At the risk of sounding like dodo brain #92/asking a question that's been posed for a decade: do you read a daily paper online? I read plenty/link plenty. But we still get a daily paper (The Oregonian) delivered, and I still try to read the New York Times every day, in its paper form, "try" because I no longer have it delivered at home, but a copy to each of the shops. This latter is an imperfect system, in that people often steal the paper (if I catch the person who keeps taking the Sunday Magazine, I am going to give them a giant tongue lashing), or I don't feel I have the time to linger and read.
I've been traveling a lot this year, to bigger cities, NY and SF and LA. When I was in NY last week, I felt great. I felt like myself, with an endless number of museums and restaurants and places and people to interface with, if I so chose. This is another reason why Matt Davis's goodbye, Portland post resonated with me. One of Matt's commenters astutely wrote, Matt is going where there stories are, to New Orleans. (He will make his bones there, as I made mine in LA.) Portland is not a big enough city, there is too little cultural collision and too many people with thin skins here to really sink your teeth in and do serious journalism (to say nothing of local places willing to publish it). A recent example: a little nothing piece I wrote for the O, in which I quoted a local PR person, who in several emails to me had a quasi-nervous breakdown because she thought the piece did not show her in the best possible light. I did my best to explain, the piece was not about her. A long-ago example: the editor of a paper I was writing criticism for musing aloud at a staff meeting that if the paper were to run anything negative about a venue, perhaps the paper should call the night before and alert them, a suggestion that made the editor I worked directly beneath bust a nut.
Anyway, two things happened this morning: I took the time to read much of the New York Times while standing at the new stand-up bar at Ristretto Beaumont, and drove home with two thoughts: one, I want to make a bunch of money soon and buy a place in New York, where I can spend more time and where, perhaps, Tafv can live. And two, I might start reading the Times online, on a daily basis -- something, by the way, I am willing to pay for. Politically, I realize we are all supposed to stand up and screech that the web is meant to be free, god dammit, and going behind a pay-wall -- which the Times plans to do later this year -- is as antediluvian and anti-progress as it comes. But here's the thing: as a journalist, I know first-hand how decimating not having any money to support a publication is; I had four -- four! -- of my editors (at the LA Weekly, Wired, Bon Appetit and City Arts) downsized out of jobs last year in a four-month period. That's a lot of freakin' cake not coming my way, kids. Also, I don't expect to get everything I want for free. I will be on the frontlines shouting, "Huzzah!" when the web is better monetized for writing and writers, and certainly, there are individuals and larger sites that have figured out how to make the finances work through traditional channels, i.e., ads and backers. I am also in the fortunate position to still have work. But the money? Do we really want to have this conversation first thing in the morning?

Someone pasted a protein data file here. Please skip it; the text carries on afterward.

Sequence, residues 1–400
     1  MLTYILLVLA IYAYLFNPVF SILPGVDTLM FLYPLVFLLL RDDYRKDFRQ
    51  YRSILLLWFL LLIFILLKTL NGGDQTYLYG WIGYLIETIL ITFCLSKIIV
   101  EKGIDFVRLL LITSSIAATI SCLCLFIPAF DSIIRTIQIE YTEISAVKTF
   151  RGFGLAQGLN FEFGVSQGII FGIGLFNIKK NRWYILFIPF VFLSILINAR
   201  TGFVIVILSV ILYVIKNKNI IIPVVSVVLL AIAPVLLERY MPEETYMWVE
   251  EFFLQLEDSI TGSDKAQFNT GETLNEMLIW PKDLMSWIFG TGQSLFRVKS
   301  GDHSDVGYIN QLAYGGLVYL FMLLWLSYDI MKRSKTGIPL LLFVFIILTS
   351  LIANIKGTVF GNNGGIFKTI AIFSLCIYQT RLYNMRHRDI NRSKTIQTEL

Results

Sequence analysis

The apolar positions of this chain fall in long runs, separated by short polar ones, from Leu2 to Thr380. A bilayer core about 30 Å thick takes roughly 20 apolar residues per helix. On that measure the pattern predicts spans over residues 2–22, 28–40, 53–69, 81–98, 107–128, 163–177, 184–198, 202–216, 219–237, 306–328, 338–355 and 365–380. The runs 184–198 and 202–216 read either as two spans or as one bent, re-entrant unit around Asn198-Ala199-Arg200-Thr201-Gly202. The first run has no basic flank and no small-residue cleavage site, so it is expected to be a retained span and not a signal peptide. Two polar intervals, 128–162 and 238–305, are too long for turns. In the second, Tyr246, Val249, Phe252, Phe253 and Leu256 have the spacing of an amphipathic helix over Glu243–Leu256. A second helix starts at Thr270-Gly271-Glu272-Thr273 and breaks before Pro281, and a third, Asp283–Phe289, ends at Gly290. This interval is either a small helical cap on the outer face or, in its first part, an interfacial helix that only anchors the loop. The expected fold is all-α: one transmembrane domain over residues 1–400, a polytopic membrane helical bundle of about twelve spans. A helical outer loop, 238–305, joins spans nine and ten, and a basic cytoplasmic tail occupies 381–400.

While I enjoy the range afforded by reading the paper online -- the skipping, the photos, the videos -- I also know I blow off more than when I read the paper in hand, and am divided about the idea of defaulting always to My News, divided because I see this as a good thing (deeper knowledge about fewer issues) and bad (where is Pakistan, again?).So: do you read the Times or a comparable paper online, and if so, what have you gained, what have you lost? And, any tips for me?
NB: Yes, I aware there will almost certainly be no print papers within the decade.
NB: And yes, I am aware that the medium that is slowly killing journalism as we've known it has created the opportunity to have this conversation here, for which I am most grateful and which I find both fulfilling and full of infinite possibilities, yes.